# Introduction to turbulence/Statistical analysis/Multivariate random variables

### From CFD-Wiki

(→Joint pdfs and joint moments) |
(→Joint pdfs and joint moments) |
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+ | where as before capital letters are usd to represent the mean values. Clearly the fluctuating quantities <math>u^{'}</math> and <math>v^{'}</math> are random variables with zero man. | ||

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+ | A psitive value of <math>\left\langle u^{'}v^{'} \right\rangle </math> indicates that <math>u^{'}</math> and <math>v^{'}</math> tend to vary together. A negative value indicates | ||

=== The bi-variate normal (or Gaussian) distribution === | === The bi-variate normal (or Gaussian) distribution === | ||

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## Revision as of 08:15, 2 June 2006

### Joint pdfs and joint moments

Often it is importamt to consider more than one random variable at a time. For example, in turbulence the three components of the velocity vector are interralated and must be considered together. In addition to the *marginal* (or single variable) statistical moments already considered, it is necessary to consider the **joint** statistical moments.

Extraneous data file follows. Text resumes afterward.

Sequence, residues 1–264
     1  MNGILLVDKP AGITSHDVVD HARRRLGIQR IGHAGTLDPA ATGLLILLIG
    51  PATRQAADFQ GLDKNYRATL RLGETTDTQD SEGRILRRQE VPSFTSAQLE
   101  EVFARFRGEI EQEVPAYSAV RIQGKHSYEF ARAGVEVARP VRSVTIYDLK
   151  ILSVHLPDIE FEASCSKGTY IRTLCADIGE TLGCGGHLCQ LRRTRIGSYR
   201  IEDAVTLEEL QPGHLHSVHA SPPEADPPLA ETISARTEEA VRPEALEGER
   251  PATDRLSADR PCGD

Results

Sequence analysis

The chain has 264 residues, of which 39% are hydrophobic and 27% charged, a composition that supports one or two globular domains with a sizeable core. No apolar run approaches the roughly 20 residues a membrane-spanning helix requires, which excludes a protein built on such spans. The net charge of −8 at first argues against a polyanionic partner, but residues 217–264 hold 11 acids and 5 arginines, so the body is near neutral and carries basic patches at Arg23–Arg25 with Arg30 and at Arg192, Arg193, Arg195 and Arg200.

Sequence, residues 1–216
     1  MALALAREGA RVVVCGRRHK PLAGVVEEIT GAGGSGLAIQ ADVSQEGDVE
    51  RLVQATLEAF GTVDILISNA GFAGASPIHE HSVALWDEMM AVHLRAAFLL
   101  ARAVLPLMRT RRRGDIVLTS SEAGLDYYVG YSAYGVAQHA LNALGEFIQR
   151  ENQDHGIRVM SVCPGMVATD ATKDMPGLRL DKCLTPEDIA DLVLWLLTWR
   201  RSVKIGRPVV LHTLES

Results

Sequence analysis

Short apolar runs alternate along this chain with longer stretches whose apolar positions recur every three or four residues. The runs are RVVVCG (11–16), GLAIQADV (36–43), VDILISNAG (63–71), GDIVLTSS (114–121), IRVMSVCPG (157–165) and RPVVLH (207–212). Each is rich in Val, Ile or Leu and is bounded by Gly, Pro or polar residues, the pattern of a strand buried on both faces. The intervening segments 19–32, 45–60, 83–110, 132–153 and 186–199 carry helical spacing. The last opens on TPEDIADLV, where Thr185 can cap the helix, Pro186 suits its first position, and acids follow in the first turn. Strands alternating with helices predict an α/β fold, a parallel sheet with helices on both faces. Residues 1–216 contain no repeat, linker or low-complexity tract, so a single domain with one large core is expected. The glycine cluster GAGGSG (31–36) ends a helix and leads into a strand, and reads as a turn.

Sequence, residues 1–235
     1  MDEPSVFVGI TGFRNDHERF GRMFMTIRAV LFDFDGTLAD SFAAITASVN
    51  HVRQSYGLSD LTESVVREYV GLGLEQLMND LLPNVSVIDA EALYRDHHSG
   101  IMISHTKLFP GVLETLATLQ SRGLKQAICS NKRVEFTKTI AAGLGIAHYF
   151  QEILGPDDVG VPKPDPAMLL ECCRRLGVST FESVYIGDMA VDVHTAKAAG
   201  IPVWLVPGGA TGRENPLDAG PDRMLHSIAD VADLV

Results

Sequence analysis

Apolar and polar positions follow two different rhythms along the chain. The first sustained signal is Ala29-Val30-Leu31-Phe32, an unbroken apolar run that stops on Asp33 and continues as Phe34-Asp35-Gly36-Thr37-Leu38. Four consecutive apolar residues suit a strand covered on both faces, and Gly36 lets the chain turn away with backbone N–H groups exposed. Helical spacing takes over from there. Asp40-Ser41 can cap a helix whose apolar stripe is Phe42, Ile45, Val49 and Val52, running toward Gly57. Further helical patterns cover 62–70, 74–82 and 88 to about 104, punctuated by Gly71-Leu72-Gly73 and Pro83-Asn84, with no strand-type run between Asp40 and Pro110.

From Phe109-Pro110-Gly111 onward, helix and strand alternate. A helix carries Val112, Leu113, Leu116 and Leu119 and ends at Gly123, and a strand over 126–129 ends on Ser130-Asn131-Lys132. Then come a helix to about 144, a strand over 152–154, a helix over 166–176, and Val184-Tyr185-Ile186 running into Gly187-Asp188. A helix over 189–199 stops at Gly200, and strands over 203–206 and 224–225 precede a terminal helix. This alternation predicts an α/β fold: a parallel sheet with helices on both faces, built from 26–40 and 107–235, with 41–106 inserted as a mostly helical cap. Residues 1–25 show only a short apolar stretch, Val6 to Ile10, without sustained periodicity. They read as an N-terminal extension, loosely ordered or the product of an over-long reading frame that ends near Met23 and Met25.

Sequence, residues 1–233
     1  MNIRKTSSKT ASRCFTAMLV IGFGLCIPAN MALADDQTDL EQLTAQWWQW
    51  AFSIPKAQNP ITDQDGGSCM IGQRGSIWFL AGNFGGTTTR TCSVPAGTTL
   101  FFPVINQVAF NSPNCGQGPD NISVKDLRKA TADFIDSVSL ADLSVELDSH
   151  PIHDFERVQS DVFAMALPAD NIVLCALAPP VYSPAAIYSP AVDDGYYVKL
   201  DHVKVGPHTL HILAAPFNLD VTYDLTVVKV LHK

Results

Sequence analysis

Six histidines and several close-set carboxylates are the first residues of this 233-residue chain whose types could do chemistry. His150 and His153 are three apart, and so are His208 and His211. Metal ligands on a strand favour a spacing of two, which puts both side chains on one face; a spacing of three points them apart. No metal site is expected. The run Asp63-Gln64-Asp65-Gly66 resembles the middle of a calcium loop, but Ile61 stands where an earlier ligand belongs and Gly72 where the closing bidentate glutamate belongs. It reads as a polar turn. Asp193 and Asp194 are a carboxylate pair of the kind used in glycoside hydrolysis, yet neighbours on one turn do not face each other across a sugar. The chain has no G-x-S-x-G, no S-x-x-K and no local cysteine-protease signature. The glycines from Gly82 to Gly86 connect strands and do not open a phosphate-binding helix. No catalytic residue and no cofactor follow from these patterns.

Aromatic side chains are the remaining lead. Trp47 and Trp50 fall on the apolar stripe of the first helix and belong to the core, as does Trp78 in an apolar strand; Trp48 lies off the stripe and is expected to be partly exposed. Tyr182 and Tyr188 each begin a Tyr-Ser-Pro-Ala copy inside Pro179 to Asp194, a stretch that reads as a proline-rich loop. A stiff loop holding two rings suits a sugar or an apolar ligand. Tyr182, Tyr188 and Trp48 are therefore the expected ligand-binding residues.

For example if and are two random variables, there are three second-order moments which can be defined , , and . The product moment is called the *cross-correlation* or *cross-covariance*. The moments and are referred to as the *covariances*, or just simply the *variances*. Sometimes is also referred to as the *correlation*.

In a manner similar to that used to build-up the probabilility density function from its measurable counterpart, the histogram, a **joint probability density function** (or **jpdf**), , can be built-up from the *joint histogram*. Figure 2.5 illustrates several examples of jpdf's which have different cross correlations. For convenience the fluctuating variables and can be defined as

| (2) |

| (2) |

where as before capital letters are usd to represent the mean values. Clearly the fluctuating quantities and are random variables with zero man.

A psitive value of indicates that and tend to vary together. A negative value indicates

### The bi-variate normal (or Gaussian) distribution

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